N’Gunu Tiny is CEO and Chairman of Emerald Group, an international investment company that stands apart from the rest.
Several key figures from the world of finance, business leadership and the arts have all influenced me personally and the route I have taken in my career.
Taking lessons learned from those who have gone before is one of the best ways to be better, achieve more, and find new ways of working and living. Those that I admire the most have left something behind that transcends the financial world.
The strong historical link between banking and the arts
The connection between banking and art is a strong one. If we go back to the world’s first banking family in 14th century Florence, we can see the corresponding growth of Renaissance art as successive leaders of the family commissioned works from the likes of Da Vinci and Michelangelo.
Collecting works of art needs money, and collecting great masters takes a lot of money. So, it makes perfect sense that this connection between banking and the arts is still strong today. In this piece, I am going to explore the cultural legacy of Robert Lehman Sr.
Looking at the legacy of Robert Lehman Sr
Robert Lehman Sr was born in 1891 and was one of the world’s leading investment bankers as head of the Lehman Brothers. Before he died in 1969, he achieved enormous success within the financial sector, in the tradition of wealthy businessmen like Carnegie, Frick, and many more used his fortune to collect art and for philanthropic purposes.
Lehman Brothers, which became synonymous with the financial crash of 2008, was one of the top four American banks for decades. It was founded by Robert Lehman Sr’s grandfather, Emmanuel, in 1850.
It was, therefore, inevitable that Robert would carve his career from banking too. After graduating from Yale in 1913, Robert (nicknamed ‘Bobbie’) took over the helm of the family investment bank. At this time, Lehman Brothers was still basically a one office financial firm, in the same way as its major competitors Morgan Stanley and Goldman Sachs.
An extraordinary business leader in the burgeoning banking sector
Robert was a big believer in people and his gut instinct. Recognising that to grow Lehman Brothers in a way that would make the family rich, he needed investor capital from outsiders. He was the first in the family to invite this external investment, effectively opening up the bank to others.
His pioneering strategic thinking also led him to secure precisely the right kind of partners to grow Lehman Brothers. So, he sold an interest in the firm to one John Hertz, who had previously sold his companies (Yellow Cab Company and the Hertz Corporation) for a massive amount of money and at this time was on the board of General Motors.
These bold decisions took Lehman Brothers through the 20s with financing deals across the fast-growing consumer industries of the early 20th century. Lehman Brothers financed everything, from airlines to entertainment companies and retail.
From the Wall Street crash of 1929 to the next decade of the Great Depression, Robert’s leadership brought the company through. After World War 2, Lehman Brothers grew enormously and expanded into Paris. These years of hard work, prudent decision making, and unerring business acumen all made Robert ‘Bobbie’ Lehman one of the wealthiest people in the United States.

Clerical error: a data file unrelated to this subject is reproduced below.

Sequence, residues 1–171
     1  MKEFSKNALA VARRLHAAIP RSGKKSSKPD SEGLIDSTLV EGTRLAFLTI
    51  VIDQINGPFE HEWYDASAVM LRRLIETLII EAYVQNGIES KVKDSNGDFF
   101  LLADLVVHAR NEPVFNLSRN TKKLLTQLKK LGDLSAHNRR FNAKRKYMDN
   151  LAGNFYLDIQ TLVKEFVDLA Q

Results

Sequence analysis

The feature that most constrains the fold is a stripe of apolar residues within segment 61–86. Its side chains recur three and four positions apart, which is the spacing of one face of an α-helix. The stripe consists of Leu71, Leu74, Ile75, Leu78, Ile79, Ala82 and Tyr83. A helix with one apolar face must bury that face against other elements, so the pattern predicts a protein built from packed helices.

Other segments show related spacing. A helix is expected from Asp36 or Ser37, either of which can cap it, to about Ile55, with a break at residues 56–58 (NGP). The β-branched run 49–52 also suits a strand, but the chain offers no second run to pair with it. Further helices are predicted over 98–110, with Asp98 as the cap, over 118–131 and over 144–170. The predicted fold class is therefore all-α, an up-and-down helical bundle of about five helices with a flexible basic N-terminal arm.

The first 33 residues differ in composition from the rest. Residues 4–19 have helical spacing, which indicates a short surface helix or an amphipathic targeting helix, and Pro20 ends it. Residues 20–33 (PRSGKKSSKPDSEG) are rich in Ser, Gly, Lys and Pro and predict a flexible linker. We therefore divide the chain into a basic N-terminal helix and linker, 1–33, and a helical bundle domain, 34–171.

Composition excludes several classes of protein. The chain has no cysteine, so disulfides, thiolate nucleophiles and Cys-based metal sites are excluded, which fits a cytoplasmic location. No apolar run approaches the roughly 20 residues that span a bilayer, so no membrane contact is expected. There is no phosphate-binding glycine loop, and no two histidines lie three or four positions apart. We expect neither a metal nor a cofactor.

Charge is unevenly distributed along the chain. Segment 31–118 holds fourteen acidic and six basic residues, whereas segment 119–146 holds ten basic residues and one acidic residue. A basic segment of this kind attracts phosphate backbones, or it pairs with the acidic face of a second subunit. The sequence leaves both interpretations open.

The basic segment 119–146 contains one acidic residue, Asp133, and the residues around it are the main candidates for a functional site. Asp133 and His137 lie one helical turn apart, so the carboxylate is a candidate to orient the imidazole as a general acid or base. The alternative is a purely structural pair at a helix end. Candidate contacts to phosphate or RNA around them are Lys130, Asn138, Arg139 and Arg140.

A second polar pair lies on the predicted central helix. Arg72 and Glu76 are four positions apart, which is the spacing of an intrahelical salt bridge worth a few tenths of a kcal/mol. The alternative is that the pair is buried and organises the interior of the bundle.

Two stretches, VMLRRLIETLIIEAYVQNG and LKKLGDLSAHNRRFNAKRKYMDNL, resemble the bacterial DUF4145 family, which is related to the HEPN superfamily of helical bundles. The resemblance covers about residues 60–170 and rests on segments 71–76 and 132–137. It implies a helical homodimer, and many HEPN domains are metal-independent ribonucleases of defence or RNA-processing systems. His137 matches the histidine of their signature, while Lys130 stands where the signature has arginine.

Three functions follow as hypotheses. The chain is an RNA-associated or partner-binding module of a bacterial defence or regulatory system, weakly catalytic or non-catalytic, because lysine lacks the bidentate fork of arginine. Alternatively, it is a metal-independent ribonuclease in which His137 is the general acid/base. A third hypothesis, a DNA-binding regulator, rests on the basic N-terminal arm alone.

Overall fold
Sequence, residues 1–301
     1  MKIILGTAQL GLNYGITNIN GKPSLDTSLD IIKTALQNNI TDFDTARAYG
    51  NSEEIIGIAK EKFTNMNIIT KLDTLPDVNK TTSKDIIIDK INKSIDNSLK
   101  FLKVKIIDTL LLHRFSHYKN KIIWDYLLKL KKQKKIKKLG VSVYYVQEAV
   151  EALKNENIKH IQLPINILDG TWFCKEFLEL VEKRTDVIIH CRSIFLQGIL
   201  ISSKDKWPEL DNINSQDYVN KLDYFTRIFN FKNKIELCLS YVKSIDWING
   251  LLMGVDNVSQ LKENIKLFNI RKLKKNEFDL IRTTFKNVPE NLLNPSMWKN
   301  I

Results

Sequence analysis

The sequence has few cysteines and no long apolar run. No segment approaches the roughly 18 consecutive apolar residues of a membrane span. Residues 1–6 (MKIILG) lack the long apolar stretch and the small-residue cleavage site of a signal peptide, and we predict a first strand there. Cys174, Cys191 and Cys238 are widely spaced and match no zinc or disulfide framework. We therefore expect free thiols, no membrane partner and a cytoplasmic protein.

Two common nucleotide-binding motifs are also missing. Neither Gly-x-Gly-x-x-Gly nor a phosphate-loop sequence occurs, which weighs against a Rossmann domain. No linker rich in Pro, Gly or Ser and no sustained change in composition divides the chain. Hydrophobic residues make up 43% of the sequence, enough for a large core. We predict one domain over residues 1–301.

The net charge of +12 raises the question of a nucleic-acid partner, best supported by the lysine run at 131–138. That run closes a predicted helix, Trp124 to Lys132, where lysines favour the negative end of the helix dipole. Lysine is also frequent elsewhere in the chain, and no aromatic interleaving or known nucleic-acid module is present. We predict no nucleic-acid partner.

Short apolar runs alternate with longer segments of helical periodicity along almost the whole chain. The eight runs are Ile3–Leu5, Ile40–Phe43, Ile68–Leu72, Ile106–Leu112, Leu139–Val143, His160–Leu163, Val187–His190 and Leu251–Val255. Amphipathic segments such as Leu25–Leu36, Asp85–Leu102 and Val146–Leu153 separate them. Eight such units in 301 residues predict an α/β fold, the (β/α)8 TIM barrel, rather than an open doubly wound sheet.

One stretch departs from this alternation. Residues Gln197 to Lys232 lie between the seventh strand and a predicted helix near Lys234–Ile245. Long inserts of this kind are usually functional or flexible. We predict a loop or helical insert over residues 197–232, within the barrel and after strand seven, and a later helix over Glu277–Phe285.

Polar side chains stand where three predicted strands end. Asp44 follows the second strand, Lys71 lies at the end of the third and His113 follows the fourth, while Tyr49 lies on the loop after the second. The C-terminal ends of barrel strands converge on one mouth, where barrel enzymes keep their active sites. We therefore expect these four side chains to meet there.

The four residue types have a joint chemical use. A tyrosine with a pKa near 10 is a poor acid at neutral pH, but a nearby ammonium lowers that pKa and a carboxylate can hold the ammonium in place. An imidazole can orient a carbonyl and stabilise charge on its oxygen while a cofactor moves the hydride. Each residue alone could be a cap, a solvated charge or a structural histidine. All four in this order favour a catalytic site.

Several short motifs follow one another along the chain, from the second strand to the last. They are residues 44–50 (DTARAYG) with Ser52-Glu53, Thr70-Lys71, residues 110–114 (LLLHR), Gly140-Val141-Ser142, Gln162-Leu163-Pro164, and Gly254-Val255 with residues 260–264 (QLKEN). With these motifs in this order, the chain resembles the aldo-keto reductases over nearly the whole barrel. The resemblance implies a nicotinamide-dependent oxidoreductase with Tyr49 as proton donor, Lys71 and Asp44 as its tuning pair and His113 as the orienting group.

The Lehman Collection of art is an extraordinary achievement.
Robert’s father started to collect fine art in 1911 at their mansion in Midtown Manhattan, and he continued to add to it for six decades. Art was always close to his heart, and before long, he joined the Board of Trustees at the Met (Metropolitan Museum of Art).
By 1957, the global art community considered the Lehman art collection so important that 300 works formed a solo exhibition at the Louvre’s Musee de l’Orangerie in Paris. Robbie, at the time, was the only art collector from the United States to receive this mark of honour.
In the year before his death, Robert was awarded an honorary Doctor of Humane Letters from Yale University. He received this for his life’s work having “enhanced civic life, the culture and the artistic development of civilisation.” Leaving such a legacy is something to be admired for many reasons, and I’m a great believer in art transcending time and other, lesser concerns over the years.
When he died, the Robert Lehman Foundation bequeathed around 3,000 extraordinary works of art to the Met. These include everything from Rodin to Toulouse-Lautrec and Goya to Matisse. It’s a stunning collection that is today housed in his eponymous wing. The collection was made available for the public to view in 1975. According to the Met itself, it is “one of the most extraordinary private art collections ever assembled in the US.”
The Foundation is still active today and sponsors museum exhibitions all around the world, as well as facilitating the Robert Lehman Art Lecture Fund. It also funds PBS, the Public Broadcasting Service, among other philanthropic initiatives within art and culture.
For many people today, the Lehman Brothers are best known for going down in 2008 and taking many people’s fortunes with them. But the life and work of Robert Lehman Sr left behind a worldwide different kind of legacy of artistic endeavour and conservation.